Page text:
Check for leaks

Reply

  #1  
Old 05-10-03, 07:38 PM
Touchdown
Visiting Guest
Posts: n/a
Check for leaks

What is the best way to find a refrigrant leak?
 
Sponsored Links
  #2  
Old 05-11-03, 07:09 AM
GregH's Avatar
Super Moderator
Join Date: Jan 2001
Location: Manitoba
Posts: 9,930
Upvotes Received: 5
Depends how big the leak is.

Touchdown:

There is no "best" way to find a leak.
Refrigerant leaks can sometimes be found as simply as just by observing things to having to use expensive equipment and a bit of ingenuety.

Why do you ask?

BTW: You must be properly licensed and certified to work on sealed systems. That being the case we are unable to dispense specific advice on sealed system repair.
 
  #3  
Old 05-11-03, 07:08 PM
GregH's Avatar
Super Moderator
Join Date: Jan 2001
Location: Manitoba
Posts: 9,930
Upvotes Received: 5
Smile Please post replies here rather than in a PM. Everyone learns that way.

Touchdown wrote:

Find Leak
I will use a properly certified & licensed repair man to fix the leak. They charge by the hour, so if I can locate the leak all he has to do is repair it. Do you think soap & water on outside the lines will work. Like finding a slow leak on a flat tire.

Thanks for your reply,

Touchdown:

Soap bubbles can and are used to locate leaks in some instances.
There are several reasons though why you may be wasting your time:
There may not be any or enough pressure in the system for bubbles to form . If the system is totally empty you could introduce soapy water into the system which would cause a compressor failure. The soap that tradespeople use has a sticking agent that allows the liquid to stay on the pipe longer to give the bubble time to form. The amount of refrigerant that comes out of a leak may not even be large enough to form a bubble in the first place. There are many places on the system that cannot be seen. If you find a leak and ask your serviceperson to repair it how can you be sure there is not more than one leak? If he repairs the leak you found who will carry the warranty?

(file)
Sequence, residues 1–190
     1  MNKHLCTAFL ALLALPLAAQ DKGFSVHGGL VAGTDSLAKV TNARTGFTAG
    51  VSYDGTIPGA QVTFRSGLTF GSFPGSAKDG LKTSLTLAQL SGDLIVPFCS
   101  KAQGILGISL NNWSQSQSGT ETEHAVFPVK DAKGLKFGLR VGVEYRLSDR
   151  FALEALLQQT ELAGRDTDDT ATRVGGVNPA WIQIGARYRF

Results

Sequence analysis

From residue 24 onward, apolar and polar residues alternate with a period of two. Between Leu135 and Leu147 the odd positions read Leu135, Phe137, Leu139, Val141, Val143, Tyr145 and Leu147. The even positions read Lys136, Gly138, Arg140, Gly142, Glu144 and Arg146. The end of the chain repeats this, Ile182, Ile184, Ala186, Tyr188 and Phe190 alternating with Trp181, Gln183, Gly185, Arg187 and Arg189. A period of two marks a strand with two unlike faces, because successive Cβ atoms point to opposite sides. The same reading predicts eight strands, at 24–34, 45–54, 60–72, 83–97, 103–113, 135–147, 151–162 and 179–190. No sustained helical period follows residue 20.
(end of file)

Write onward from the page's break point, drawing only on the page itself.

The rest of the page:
Need more?

There is a reason why it costs so much!
Experience and literally thousands of dollars in test equipment make a well done leak repair a bargain.
 
  #4  
Old 05-12-03, 02:19 AM
firsthvac
Visiting Guest
Posts: n/a
Touchdown--

GregH has given you very good points on why there is a specific tool for a specific job. Additionally, any quality experienced tech that would repair the unit would be doing a further thorough leak check anyway because a good tech doesn't take the customer's word that it is the only leak...no offense intended. It's like telling a good doctor you have a sore throat. The doc's still going to find out for himself and your still going to pay to have your throat looked at before a remedy is prescribed.
 
Reply

Posting Rules
You may not post new threads
You may not post replies
You may not post attachments
You may not edit your posts

BB code is On
Smilies are On
[IMG] code is On
HTML code is Off
Trackbacks are Off
Pingbacks are Off
Refbacks are Off


Thread Tools
Search this Thread
Display Modes